Printed from JewishFolsom.org

Rabbi Yossi's Blog

Welcome to Rabbi Yossi's Blog; where you can expect to find thoughts on current events, Torah learning and Jewish spirituality. And of course, some good Jewish humor.

Choosing Life

I’d like to tell you about an amazing course that began this past Tuesday evening - Medicine and Morals; Your Jewish Guide Through Life’s Tough Decisions. The central theme of our first lesson “Choosing Life” was the nature of our obligation to seek healing. To what degree are we obligated to preserve our own health, and what discretion do we have in regards to our decisions regarding medical care?

We began by considering the ethical foundation of seeking medical care. Unlike some other faith traditions that have seen the pursuit of medical care as interference with G-d’s plan, Judaism sees the pursuit of medical care as fully consonant with our faith in G-d. As humans, we are empowered by G-d to partner with Him in perfecting an imperfect world. Thus, intervening with nature to heal the sick is no different than fertilizing soil or planting a field. Medical intervention is wholly compatible with our belief that G-d is the true healer, and while prayer and spiritual pursuits are appropriate and important responses to illness, they in no way preclude the responsibility to seek appropriate medical care. 

When a patient is terminally ill, there is an obligation to seek out treatment that is successful more than 50% of the time, in spite of the fact that that the treatment may not always be successful and may involve certain risks.

Patients, however, sometimes refuse to undergo treatment. A major underpinning of secular medical ethics is the right of autonomy, and so long as patients clearly understand the implications of their choices, patients may not be compelled to undergo treatment. Their life is considered their own business, and they may not be pressured into following the doctor’s recommendation, no matter how ill-advised the doctors find their choices.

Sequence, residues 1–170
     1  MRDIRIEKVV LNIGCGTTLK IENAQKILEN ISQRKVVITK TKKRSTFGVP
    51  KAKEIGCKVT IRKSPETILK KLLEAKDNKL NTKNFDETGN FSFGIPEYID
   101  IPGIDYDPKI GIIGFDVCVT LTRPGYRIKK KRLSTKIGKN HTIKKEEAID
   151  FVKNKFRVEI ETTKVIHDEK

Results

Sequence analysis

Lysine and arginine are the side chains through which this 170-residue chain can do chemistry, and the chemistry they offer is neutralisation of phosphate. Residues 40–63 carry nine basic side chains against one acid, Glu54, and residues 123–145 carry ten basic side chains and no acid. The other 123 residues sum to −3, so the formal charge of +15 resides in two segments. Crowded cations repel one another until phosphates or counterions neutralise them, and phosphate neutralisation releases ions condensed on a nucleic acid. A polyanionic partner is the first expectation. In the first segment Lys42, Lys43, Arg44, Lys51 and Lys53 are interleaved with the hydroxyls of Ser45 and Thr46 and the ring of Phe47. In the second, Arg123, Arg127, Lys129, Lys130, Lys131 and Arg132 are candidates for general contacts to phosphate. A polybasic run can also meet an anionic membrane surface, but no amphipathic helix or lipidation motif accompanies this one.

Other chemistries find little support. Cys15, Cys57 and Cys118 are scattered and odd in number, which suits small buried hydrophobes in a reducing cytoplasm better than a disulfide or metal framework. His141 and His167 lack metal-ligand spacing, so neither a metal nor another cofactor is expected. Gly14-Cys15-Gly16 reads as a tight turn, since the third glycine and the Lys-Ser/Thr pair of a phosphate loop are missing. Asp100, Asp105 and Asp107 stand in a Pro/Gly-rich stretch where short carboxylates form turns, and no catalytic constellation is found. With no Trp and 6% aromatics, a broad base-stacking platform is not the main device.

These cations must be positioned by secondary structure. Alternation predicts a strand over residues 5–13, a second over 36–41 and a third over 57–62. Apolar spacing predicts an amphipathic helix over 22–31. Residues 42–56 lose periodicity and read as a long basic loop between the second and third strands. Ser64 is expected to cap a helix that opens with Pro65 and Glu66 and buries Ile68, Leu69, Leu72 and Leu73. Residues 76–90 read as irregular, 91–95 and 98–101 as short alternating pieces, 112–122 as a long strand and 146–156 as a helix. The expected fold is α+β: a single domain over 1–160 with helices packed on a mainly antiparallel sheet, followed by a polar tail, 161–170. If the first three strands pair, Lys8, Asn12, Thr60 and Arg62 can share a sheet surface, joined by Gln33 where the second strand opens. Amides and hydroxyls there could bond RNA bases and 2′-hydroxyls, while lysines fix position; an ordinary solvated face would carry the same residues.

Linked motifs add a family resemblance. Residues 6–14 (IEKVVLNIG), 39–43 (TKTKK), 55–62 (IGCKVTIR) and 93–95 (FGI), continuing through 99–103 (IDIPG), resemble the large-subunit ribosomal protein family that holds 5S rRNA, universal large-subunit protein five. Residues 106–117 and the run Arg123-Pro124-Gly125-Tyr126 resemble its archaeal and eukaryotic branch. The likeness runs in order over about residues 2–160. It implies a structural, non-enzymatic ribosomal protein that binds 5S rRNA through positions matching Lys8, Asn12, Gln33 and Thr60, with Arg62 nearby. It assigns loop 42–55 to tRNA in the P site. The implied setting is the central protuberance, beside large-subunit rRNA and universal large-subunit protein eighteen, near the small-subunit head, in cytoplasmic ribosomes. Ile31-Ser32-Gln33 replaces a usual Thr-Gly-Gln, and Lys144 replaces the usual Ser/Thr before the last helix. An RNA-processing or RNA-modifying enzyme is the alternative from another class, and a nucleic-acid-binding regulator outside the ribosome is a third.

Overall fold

Practically speaking, Jewish law rarely allows people to compel others to accept treatment. It allows forcible intervention only if the patient is critically ill, the treatment is accepted by all doctors at that location as proven to cure and is not risky, persuasion is impossible, and the use of coercion will not itself precipitate death. Yet unlike the secular position, Judaism is not neutral to the choice of patients, and even when coercion may not be applicable there may be an obligation to seek out available medical care.

It is still possible to join us for the remainder of this fascinating course – register by logging on to www.myjli.com. Join us on Tuesday, November 2nd when we will discuss the ethics of organ transplants.

You Fit Right In!

There is a Chassidic saying that this week’s Torah portion - the portion of Lech Lecha - is the first truly joyous portion of the Torah. The first two describe, in addition to their joyous parts, negative stories and events. This week we "live" with Abraham, the first Jew, every day of the week.

Reading the beginning of the narrative however can leave us somewhat perplexed. The portion begins with G-d telling Abraham to travel to a new land "that I will show you" and promising blessing and reward in exchange.

But who is this Abraham?

We know that Abraham recognized G-d early in his life and dedicated himself to promote monotheistic belief. However the Torah doesn't mention anything about his spiritual greatness; it doesn't tell us how he single handedly countered the prevailing trends of the day. No, our first introduction to Abraham is G-d instructing him to move to a new land. It would seem appropriate to first introduce us to this great man, tell us about his accomplishments and then begin his story. Why the glaring omission?